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The vaccination surge

Good morning! Victoria's contact tracers managed to genomically link Melbourne's mystery COVID-19 Delta variant (a strain originating in India) to a man who arrived in the city from Sri Lanka on 8 May.

While there's still no epidemiological link, it hopefully won't take authorities long to trace one down given it was almost certainly spread during the man's stay in hotel quarantine. That's good news for Melbourne, which may actually be allowed to exit lockdown later this week as planned. 🙏


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Note: Brent oil, gold bullion and iron ore prices are the second futures contract.

US markets were flat for the second consecutive day, with the S&P500 rising just 0.02%. Bitcoin declined again as the fallout from the disclosure that the US government had recovered almost all the Bitcoin ransom paid by the Colonial pipeline continued to take a toll (a public ledger is exactly that... public!).

Businesses upbeat: NAB's monthly survey for business conditions hit a new record high in May, surpassing April's record by 5 index points. Every sub-component increased, with trade, employment and profitability all hitting record highs.

M&A boom: What do you get when you cut interest rates to zero? According to The Australian Financial Review's tracker, you get $US64.3 billion in mergers and acquisitions, "eclipsing the golden era of M&A that arrived in the wake of the global financial crisis and peaked in 2011, when $US56.9 billion of deals were announced to this point in the year".

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The vaccination surge

Nothing like a crisis to kick people into gear.
Nothing like a crisis to kick people into gear.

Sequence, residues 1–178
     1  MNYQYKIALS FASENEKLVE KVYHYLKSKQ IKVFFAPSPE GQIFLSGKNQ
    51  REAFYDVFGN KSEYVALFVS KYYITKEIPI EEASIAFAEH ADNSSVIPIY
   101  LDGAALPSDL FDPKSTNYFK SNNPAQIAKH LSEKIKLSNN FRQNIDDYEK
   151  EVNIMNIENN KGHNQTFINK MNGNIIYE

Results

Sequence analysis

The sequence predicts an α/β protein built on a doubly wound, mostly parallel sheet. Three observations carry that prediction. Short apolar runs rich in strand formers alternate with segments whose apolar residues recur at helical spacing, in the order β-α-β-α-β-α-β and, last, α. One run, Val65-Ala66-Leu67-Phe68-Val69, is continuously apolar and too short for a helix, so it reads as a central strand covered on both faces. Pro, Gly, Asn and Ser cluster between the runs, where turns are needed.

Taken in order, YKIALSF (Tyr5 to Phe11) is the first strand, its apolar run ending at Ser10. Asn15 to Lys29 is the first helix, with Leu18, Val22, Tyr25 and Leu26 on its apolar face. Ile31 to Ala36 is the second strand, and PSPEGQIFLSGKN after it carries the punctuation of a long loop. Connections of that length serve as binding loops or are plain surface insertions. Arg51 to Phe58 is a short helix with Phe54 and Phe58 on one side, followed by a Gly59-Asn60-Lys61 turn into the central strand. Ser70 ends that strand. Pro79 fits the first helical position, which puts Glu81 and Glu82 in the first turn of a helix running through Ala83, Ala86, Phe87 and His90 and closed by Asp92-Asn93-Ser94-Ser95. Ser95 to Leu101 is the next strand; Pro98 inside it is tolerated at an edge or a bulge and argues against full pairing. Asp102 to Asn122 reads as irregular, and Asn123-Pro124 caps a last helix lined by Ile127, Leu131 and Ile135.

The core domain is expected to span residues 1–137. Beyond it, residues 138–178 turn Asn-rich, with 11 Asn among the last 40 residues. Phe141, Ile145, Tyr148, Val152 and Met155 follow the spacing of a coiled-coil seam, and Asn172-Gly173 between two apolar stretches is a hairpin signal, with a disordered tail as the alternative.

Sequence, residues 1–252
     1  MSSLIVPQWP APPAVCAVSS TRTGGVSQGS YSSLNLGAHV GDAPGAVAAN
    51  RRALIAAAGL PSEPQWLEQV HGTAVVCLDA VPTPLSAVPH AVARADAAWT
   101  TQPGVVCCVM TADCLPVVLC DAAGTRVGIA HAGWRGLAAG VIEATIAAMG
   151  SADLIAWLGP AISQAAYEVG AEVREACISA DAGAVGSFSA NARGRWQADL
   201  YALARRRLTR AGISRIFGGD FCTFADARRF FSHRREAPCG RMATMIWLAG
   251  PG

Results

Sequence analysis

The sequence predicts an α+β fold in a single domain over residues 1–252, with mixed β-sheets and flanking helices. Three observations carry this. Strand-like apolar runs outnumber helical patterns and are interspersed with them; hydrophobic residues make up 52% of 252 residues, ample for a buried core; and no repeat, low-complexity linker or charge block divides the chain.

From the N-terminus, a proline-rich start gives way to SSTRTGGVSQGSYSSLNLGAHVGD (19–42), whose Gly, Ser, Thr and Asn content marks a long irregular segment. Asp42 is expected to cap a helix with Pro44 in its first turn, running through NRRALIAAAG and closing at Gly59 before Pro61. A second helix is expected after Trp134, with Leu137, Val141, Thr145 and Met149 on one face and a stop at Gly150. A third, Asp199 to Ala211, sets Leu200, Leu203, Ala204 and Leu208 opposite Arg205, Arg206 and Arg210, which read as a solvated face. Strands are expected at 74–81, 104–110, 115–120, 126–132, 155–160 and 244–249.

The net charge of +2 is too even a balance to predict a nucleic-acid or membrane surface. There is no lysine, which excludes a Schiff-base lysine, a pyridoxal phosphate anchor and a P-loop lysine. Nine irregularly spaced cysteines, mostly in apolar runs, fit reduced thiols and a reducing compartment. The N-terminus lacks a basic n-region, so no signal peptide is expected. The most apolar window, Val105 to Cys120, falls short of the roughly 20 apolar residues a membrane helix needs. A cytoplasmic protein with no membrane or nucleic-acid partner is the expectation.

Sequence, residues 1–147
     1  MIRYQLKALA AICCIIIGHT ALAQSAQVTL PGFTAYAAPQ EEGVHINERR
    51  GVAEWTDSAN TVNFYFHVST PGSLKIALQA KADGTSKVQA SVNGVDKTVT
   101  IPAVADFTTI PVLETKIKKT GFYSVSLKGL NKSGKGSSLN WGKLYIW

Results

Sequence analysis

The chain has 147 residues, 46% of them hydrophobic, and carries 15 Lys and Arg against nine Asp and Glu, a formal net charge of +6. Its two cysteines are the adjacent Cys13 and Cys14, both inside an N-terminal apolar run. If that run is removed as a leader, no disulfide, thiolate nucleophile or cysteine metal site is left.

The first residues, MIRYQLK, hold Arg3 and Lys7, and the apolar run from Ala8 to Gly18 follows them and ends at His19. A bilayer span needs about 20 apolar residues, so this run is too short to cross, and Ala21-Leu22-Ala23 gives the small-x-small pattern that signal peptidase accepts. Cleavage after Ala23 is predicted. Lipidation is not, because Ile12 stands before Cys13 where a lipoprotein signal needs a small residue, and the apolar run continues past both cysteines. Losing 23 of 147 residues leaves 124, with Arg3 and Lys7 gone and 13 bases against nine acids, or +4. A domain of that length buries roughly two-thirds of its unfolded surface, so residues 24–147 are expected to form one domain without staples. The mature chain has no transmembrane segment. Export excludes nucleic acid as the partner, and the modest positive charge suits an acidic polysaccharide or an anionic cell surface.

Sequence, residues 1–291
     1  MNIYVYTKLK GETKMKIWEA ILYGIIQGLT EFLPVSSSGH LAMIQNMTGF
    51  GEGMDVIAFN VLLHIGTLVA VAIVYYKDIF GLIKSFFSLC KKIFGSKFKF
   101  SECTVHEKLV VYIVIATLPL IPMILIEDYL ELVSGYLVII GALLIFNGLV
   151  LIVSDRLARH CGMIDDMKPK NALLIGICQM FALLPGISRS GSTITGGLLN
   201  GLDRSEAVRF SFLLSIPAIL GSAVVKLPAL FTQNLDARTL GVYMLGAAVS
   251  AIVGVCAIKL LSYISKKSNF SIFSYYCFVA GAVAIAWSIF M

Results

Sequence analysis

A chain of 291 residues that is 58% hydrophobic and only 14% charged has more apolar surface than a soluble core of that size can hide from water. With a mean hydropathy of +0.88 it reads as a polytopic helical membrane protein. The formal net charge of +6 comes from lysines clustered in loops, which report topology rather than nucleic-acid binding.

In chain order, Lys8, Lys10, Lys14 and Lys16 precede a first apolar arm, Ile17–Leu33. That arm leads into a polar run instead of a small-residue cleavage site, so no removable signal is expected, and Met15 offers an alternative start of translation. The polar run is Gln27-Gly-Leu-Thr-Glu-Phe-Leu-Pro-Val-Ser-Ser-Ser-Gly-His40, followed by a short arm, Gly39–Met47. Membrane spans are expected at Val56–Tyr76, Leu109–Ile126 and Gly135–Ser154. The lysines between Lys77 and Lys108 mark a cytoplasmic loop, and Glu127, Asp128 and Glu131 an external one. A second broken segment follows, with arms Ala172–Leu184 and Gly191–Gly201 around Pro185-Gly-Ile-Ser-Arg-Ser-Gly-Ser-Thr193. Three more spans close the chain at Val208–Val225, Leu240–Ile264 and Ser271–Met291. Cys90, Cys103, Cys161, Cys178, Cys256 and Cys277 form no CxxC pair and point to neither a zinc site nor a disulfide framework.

We've updated our daily vaccination tracker to show how Australia is progressing towards the ultimate goal: 80% of adults fully vaccinated, which should be sufficient to lower the hard international border.

Why 80%: We've assumed that 20% of the adult population have health or other reasons not to get vaccinated (e.g. anti-vaxers). The world leader in COVID-19 vaccinations, Israel, has administered first doses to about 84% of its adult population and the growth rate has stalled. In the UK, the number is around 79%. It remains to be seen whether any country will be able to go much beyond that.

Going well: The latest Melbourne outbreak really woke people up to the risks of COVID-19. Hotel quarantine is leaky – we should expect some form of failure every couple of weeks – which means vaccine complacency is a risky strategy. We're now averaging over 100,000 doses every day, which if sustained (and that's a big IF) will see 80% of adults fully vaccinated by mid-January 2022.

The Wrap Up

  • Western Australia opened COVID-19 vaccinations up to anyone aged over 30 (we made a booking but it took a while as the website was dealing with "a large volume of people registering"). Perhaps open borders by Christmas is still a possibility? 🤞
  • In mid-July New South Wales will open a second mass vaccination centre with a capacity of 20,000 jabs per week at a former Bunnings warehouse in the Hunter region.
  • Australia's Therapeutic Goods Administration approved private sector vaccination incentives, such as "store vouchers, discounts or frequent flyer points", but they cannot include alcohol, tobacco or many medicines. No word yet on public sector incentives...
  • The Productivity Commission warned that two "dark clouds" – government debt and increased protectionism – could threaten Australia's economic recovery. The warning came after ratings agency Moody's said Australia's productivity growth rate was below that of Britain, Germany, France and Japan.
  • You know it's an election year when in a speech ahead of the G7 summit in Cornwall this weekend, ScoMo will ramp up the rhetoric against China, calling for a world that "favours freedom over autocracy".
  • Several major websites went down last night due to an issue with Fastly, a major cloud-based content delivery network (CDN).
  • A new species of dinosaur, "Australotitan cooperensis", was found in Queensland, believed to be one of the world's 15 largest.